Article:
I read Cameron’s book eons ago, and loved the 750 word concept then. But despite being completely sold on it, I never implemented it. Yet, I often think about it. Recently, I was at the Exclusive Books counter and I saw a copy behind the cash register. Unfortunately it was reserved for someone else. But, serependitiously, I also re-joined the library that week (in a feeble attempt to kickstart Zac’s love for books), and …there was the book on the library shelf. I took it, and returned it over 3 weeks late.

To be honest, I did not actually read the book. I simply skimmed the chapter on the 750 word concept (the book is slightly too religious for my liking) and…did not do much more about it. Certainly, I did not write any 750 brain dumps. But the inkling remained.

And here we are. It is Sunday night, and there is a lot going on in my life right now. Not good, or bad…just…different. Change is coming. I don’t like it. And as I sit on my bed pondering the week ahead…I want to write. I want to blog. I want to be able to dump what’s on my mind, and move on.

Problem is, when you haven’t touched your blog in months, opening up the computer to write is a bit like opening a brand new notebook…rather intimidating. That first post after a long absence (even though I know, deep down, that almost no one ever reads this blog anyway) feels like it should be …important? Well thought out? At the very least interesting.

But I don’t want to write to those limitations. I want to treat my blog the way I used to treat Twitter a long (looong) time back: an opportunity to have a somewhat one-sided conversation with an imaginary audience who willingly listens to my chatter. I don’t want to have to write good blog posts every time I want to write. I just want the freedom to write. But also not in obscurity, aka some random notebook stuffed under my bed when not in use.

You can probably see where I am going with this: this blog of mine, the one that I have created, killed and resurrected over and over again, but which refuses to leave me permanently, it will have to serve as the blank notebook of mine. I shall dump my thoughts here, and you (dear reader) will oftentimes roll your eyes on squint in puzzlement at the nonsense I have written. But you will come back, because that is our deal, and because you are imaginary anyway, and therefore kind of obligated to bid my command.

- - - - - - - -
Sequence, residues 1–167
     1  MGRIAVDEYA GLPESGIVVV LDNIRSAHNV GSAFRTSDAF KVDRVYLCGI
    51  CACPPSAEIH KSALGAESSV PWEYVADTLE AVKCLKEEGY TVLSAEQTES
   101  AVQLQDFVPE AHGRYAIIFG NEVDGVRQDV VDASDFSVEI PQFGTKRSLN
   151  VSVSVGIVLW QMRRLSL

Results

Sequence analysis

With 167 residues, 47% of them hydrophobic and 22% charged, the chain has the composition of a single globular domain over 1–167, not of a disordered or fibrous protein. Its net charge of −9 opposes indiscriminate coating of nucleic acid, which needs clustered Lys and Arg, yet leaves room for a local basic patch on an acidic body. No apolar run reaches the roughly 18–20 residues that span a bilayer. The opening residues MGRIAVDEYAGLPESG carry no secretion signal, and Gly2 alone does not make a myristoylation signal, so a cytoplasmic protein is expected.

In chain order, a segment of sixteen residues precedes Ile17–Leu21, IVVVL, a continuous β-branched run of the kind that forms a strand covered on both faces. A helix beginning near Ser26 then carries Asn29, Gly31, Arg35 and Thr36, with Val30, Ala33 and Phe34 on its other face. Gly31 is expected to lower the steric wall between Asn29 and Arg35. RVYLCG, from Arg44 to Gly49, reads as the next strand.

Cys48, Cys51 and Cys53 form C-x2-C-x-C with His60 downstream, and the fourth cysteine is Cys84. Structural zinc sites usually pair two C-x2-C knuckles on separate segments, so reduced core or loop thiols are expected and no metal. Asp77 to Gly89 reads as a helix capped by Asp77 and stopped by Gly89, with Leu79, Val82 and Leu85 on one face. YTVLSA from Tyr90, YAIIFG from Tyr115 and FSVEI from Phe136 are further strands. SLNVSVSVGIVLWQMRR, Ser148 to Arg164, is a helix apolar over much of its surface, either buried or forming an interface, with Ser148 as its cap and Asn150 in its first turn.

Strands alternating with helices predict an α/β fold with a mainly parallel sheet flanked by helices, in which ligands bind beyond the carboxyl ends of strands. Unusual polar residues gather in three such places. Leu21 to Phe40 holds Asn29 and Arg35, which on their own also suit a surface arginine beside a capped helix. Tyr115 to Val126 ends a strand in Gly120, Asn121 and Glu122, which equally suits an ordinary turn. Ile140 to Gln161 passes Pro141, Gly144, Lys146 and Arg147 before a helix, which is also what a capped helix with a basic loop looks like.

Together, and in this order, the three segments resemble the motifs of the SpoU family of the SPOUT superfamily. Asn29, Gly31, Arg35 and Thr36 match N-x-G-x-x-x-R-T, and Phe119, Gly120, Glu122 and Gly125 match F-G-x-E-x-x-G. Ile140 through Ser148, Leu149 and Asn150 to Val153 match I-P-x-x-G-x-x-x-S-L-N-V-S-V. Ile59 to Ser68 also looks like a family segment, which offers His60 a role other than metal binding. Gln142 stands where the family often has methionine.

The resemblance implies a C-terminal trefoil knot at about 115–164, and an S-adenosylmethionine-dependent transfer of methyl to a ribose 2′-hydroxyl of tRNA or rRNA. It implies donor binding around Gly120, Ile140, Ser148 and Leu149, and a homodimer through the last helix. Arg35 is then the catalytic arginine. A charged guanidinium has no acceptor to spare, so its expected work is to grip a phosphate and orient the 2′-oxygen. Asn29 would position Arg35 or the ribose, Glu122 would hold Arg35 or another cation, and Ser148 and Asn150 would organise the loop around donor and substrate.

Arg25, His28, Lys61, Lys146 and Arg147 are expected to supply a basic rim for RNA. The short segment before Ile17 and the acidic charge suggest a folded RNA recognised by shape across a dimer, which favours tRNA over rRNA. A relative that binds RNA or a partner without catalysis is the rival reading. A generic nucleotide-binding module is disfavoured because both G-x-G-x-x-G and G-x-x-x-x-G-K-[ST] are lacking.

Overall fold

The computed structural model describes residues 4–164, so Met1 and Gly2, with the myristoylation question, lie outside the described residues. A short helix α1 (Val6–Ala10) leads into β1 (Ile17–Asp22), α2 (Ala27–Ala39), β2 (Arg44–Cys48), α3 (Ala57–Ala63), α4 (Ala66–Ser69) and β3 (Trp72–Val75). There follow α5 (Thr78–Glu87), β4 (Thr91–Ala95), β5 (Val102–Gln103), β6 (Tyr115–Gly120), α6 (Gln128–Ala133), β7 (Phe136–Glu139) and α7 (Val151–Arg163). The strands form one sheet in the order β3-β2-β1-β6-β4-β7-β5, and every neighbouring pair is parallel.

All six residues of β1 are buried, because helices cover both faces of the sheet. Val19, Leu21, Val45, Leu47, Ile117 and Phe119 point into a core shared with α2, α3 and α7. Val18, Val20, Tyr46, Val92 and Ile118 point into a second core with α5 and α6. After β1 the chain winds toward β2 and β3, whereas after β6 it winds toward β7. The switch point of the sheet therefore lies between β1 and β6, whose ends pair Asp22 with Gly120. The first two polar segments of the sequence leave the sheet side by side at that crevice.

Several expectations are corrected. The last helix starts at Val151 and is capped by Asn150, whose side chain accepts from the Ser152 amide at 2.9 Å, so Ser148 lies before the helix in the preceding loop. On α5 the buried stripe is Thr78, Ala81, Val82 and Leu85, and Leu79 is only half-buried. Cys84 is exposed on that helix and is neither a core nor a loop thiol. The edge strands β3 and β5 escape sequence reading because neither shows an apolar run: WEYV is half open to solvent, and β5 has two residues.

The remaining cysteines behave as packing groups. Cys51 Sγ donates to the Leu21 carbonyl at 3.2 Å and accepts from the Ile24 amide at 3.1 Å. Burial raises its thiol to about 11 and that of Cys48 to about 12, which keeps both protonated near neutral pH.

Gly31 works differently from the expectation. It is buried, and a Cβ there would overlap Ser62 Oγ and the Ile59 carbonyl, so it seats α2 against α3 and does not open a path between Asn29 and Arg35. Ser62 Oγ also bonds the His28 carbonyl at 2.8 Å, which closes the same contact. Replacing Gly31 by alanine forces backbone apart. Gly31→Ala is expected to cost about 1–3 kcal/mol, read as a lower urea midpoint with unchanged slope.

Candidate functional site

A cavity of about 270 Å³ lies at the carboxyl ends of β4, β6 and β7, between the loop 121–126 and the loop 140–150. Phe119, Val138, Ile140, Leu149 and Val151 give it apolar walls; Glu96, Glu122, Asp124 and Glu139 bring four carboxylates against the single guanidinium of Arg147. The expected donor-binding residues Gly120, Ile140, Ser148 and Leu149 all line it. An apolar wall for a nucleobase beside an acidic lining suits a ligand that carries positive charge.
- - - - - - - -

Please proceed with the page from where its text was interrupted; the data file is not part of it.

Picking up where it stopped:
This arrangement works out well. I shall never again (starting with today) apologise for not writing for a long time. But at the same time, since the expected standard of the writing will now be at a level of goblybydook, I will be free to whip up something quickly and effectively. Dump my brain, and move on with my day. I might even, on some easy or difficult days, write more than once. I am already becoming addicted to this one-sided dialog in my head.

And by the way, see what I did there? After a long absence on this blog, I have easily slipped back into it. Indeed, there is nothing profound, or interesting to be said, but it has been said nevertheless, and now the brain is open to saying even more. And maybe, as we get to know each other better through the informal but always sincere writing that you will find here, we will actually begin to chat. Like, really chat. You’ll leave a comment, and I will respond. And my audience will spur me on 🙂

Oh, wow. That paragraph ended on exactly 750 words (before minor editing). Perfect timing. See you next time!

Over 300 people have been killed in Sri Lanka this past weekend. It’s beyond comprehensible. And then I just read that a Danish billionaire lost 3 of his 4 children in the attack. I am sure hundreds of families suffered equally devastating loss. But the fact that a)he is a billionaire and b) THREE out of four (!!!) makes me realise how fragile, unfair, unpredictable life is and how we can never protect ourselves from it no matter how much money, fame, prestige we have. And I am so very sad for these poor parents (and the surviving sibling) who could never have anticipated such loss. And sad for the others, whose stories we will probably never learn. Strength to all, but I have no idea from where.